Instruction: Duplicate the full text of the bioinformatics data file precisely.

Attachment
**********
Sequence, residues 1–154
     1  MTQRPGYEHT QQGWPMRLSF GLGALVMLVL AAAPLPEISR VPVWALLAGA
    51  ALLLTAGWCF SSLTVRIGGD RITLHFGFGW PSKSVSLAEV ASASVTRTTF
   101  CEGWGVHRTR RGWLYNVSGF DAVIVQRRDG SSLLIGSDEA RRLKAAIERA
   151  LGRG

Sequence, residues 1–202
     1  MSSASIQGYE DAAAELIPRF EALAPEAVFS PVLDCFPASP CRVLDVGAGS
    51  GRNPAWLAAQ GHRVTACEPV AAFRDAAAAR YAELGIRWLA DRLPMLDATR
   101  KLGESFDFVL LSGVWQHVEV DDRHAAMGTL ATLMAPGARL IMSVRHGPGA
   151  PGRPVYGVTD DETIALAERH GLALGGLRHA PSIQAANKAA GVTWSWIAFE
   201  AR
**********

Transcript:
Sequence, residues 1–154
     1  MTQRPGYEHT QQGWPMRLSF GLGALVMLVL AAAPLPEISR VPVWALLAGA
    51  ALLLTAGWCF SSLTVRIGGD RITLHFGFGW PSKSVSLAEV ASASVTRTTF
   101  CEGWGVHRTR RGWLYNVSGF DAVIVQRRDG SSLLIGSDEA RRLKAAIERA
   151  LGRG

Sequence, residues 1–202
     1  MSSASIQGYE DAAAELIPRF EALAPEAVFS PVLDCFPASP CRVLDVGAGS
    51  GRNPAWLAAQ GHRVTACEPV AAFRDAAAAR YAELGIRWLA DRLPMLDATR
   101  KLGESFDFVL LSGVWQHVEV DDRHAAMGTL ATLMAPGARL IMSVRHGPGA
   151  PGRPVYGVTD DETIALAERH GLALGGLRHA PSIQAANKAA GVTWSWIAFE
   201  AR